However, at 2 rpm, producing a simulated gravity similar to that experienced on Earth would require habitat modules extending at least 224 meters from the central axis, a spacecraft 448 meters in diameter if twin counterbalancing habitats were utilized.
But a 112 meter rotational radius would only be required to produce an artificial gravity of 0.5 g at 2 rpm, a simulated gravitational level higher than on the lunar surface (0.17g) or on Mars (0.38g). The rate of rotation could even be decreased to simulate levels of gravity on the surfaces of the Moon and Mars.
Rotating AGH with a standard 112 meter radius
2.0 rpm - 0.5g (50% Earth simulated gravity)
1.7 rpm - 0.38g (Mars simulated gravity)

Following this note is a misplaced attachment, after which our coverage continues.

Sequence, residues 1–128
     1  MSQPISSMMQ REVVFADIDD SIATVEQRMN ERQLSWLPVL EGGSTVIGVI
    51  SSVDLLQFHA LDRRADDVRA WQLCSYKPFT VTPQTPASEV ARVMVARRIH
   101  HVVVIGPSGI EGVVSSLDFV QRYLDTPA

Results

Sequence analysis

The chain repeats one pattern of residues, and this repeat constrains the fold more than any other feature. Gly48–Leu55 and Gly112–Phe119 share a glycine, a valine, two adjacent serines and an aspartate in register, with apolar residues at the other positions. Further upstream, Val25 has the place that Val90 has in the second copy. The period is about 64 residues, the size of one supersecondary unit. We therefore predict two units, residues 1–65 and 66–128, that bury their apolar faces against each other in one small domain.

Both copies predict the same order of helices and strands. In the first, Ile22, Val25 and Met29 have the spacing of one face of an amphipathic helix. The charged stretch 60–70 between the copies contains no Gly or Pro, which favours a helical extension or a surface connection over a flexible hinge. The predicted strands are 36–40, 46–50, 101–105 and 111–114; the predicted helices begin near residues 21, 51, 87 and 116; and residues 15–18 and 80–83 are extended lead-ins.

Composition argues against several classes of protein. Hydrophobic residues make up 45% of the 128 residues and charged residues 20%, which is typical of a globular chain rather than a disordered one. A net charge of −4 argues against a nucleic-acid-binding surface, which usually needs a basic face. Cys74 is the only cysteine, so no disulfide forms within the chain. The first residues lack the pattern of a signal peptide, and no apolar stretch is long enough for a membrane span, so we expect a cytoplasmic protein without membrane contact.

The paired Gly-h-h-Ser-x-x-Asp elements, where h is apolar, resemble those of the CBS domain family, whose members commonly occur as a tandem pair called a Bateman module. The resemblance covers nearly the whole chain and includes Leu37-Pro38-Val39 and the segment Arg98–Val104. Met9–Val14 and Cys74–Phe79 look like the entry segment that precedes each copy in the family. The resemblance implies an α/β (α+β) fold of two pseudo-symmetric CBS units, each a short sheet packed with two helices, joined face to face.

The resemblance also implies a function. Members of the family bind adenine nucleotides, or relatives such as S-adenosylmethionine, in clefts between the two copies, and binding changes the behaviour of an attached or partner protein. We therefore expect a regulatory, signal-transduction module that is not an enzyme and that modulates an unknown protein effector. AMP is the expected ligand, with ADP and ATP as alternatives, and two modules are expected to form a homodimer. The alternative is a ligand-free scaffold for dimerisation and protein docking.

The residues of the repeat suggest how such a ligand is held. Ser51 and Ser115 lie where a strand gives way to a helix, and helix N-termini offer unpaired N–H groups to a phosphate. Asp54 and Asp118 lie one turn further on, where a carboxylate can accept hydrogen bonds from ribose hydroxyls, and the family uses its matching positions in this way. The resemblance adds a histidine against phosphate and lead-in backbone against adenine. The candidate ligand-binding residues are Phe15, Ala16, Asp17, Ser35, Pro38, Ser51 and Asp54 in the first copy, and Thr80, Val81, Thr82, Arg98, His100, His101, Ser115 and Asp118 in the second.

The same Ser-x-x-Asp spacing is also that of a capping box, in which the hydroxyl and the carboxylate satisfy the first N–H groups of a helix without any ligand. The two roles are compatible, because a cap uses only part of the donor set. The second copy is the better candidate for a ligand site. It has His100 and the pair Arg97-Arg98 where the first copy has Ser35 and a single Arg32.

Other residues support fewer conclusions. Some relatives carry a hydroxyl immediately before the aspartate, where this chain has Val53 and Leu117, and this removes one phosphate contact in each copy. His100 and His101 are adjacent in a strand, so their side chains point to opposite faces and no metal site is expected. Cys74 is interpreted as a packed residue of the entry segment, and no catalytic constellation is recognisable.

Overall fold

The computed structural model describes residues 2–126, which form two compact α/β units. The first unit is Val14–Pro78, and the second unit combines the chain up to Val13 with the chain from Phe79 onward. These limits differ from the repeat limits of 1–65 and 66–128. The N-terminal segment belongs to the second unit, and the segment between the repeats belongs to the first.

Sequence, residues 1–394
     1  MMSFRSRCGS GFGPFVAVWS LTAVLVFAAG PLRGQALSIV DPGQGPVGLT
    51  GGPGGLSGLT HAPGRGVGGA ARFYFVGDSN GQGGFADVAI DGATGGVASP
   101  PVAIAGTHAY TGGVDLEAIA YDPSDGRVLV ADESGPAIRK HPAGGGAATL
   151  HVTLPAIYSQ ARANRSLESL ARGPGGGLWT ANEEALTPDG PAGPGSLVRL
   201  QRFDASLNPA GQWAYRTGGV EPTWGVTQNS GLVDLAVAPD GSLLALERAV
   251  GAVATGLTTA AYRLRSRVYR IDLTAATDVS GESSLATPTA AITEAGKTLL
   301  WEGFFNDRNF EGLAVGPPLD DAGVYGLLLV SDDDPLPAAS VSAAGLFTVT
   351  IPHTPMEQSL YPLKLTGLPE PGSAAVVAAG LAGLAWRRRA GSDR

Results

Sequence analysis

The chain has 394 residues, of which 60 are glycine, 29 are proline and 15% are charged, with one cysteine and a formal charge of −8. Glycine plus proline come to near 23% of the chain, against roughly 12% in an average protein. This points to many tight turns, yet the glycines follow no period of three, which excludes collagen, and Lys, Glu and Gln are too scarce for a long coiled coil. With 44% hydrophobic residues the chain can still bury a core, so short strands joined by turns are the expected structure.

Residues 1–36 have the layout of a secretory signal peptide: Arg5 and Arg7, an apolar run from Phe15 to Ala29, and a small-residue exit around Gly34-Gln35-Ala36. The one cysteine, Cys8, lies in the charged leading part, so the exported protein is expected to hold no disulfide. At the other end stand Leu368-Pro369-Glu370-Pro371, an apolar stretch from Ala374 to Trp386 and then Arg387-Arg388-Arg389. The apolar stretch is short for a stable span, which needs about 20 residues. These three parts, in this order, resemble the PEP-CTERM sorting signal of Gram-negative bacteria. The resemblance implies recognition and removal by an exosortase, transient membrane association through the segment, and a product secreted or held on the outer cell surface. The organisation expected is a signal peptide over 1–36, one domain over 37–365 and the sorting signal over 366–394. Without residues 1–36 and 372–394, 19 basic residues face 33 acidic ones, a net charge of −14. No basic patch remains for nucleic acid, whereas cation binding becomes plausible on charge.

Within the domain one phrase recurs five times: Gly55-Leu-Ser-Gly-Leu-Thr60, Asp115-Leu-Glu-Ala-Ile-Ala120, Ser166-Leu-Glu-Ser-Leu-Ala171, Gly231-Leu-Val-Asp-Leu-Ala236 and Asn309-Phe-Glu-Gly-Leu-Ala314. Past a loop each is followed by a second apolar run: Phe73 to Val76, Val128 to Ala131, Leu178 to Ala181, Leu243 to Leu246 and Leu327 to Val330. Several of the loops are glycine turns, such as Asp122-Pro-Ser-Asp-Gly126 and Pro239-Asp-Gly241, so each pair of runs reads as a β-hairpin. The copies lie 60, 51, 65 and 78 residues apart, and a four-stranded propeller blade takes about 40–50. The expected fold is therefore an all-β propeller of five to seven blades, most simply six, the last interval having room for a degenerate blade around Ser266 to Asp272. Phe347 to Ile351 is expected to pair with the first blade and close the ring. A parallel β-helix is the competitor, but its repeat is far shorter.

1.17 rpm - 0.17 (Lunar simulated gravity)
|Notional SLS launch of a three module artificial gravity habitat (AGH).|
But even launch vehicles the size of the SLS wouldn't be able to deploy habitats with lengths longer than 40 or 50 meters (radii less than 20 to 25 meters from the central axis). Attaching long cables or tethers has frequently been proposed as a convenient way of greatly extending the radius of a rotating habitats. Even in its earliest incarnation, the SLS should be able to deploy large payloads up to 70 tonnes in mass. So, with a single launch, it would be relatively easy for the SLS to deploy three pressurized habitats that were attached to each other by cables that could be extended once the habitat begins to rotate in space.
SLS derived pressurized habitats
SLS minimum class propellant tank derived:
Dry mass: 17.3 tonnes